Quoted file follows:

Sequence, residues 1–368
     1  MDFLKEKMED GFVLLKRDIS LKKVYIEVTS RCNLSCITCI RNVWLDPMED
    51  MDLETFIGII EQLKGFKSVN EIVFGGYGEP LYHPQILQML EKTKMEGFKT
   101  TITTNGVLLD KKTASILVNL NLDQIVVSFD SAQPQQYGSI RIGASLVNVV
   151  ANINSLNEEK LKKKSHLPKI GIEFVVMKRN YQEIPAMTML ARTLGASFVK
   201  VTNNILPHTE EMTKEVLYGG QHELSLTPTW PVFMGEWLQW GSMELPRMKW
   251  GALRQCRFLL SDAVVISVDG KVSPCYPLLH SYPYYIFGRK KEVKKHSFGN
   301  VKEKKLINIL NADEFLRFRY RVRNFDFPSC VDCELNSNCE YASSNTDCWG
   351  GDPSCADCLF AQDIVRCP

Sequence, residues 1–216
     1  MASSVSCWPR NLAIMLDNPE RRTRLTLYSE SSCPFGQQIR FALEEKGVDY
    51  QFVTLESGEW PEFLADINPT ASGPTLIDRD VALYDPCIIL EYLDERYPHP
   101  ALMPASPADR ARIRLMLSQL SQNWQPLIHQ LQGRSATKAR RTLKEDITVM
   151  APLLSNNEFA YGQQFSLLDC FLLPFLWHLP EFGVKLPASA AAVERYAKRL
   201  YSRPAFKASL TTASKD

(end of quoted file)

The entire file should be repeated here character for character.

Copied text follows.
Sequence, residues 1–368
     1  MDFLKEKMED GFVLLKRDIS LKKVYIEVTS RCNLSCITCI RNVWLDPMED
    51  MDLETFIGII EQLKGFKSVN EIVFGGYGEP LYHPQILQML EKTKMEGFKT
   101  TITTNGVLLD KKTASILVNL NLDQIVVSFD SAQPQQYGSI RIGASLVNVV
   151  ANINSLNEEK LKKKSHLPKI GIEFVVMKRN YQEIPAMTML ARTLGASFVK
   201  VTNNILPHTE EMTKEVLYGG QHELSLTPTW PVFMGEWLQW GSMELPRMKW
   251  GALRQCRFLL SDAVVISVDG KVSPCYPLLH SYPYYIFGRK KEVKKHSFGN
   301  VKEKKLINIL NADEFLRFRY RVRNFDFPSC VDCELNSNCE YASSNTDCWG
   351  GDPSCADCLF AQDIVRCP

Sequence, residues 1–216
     1  MASSVSCWPR NLAIMLDNPE RRTRLTLYSE SSCPFGQQIR FALEEKGVDY
    51  QFVTLESGEW PEFLADINPT ASGPTLIDRD VALYDPCIIL EYLDERYPHP
   101  ALMPASPADR ARIRLMLSQL SQNWQPLIHQ LQGRSATKAR RTLKEDITVM
   151  APLLSNNEFA YGQQFSLLDC FLLPFLWHLP EFGVKLPASA AAVERYAKRL
   201  YSRPAFKASL TTASKD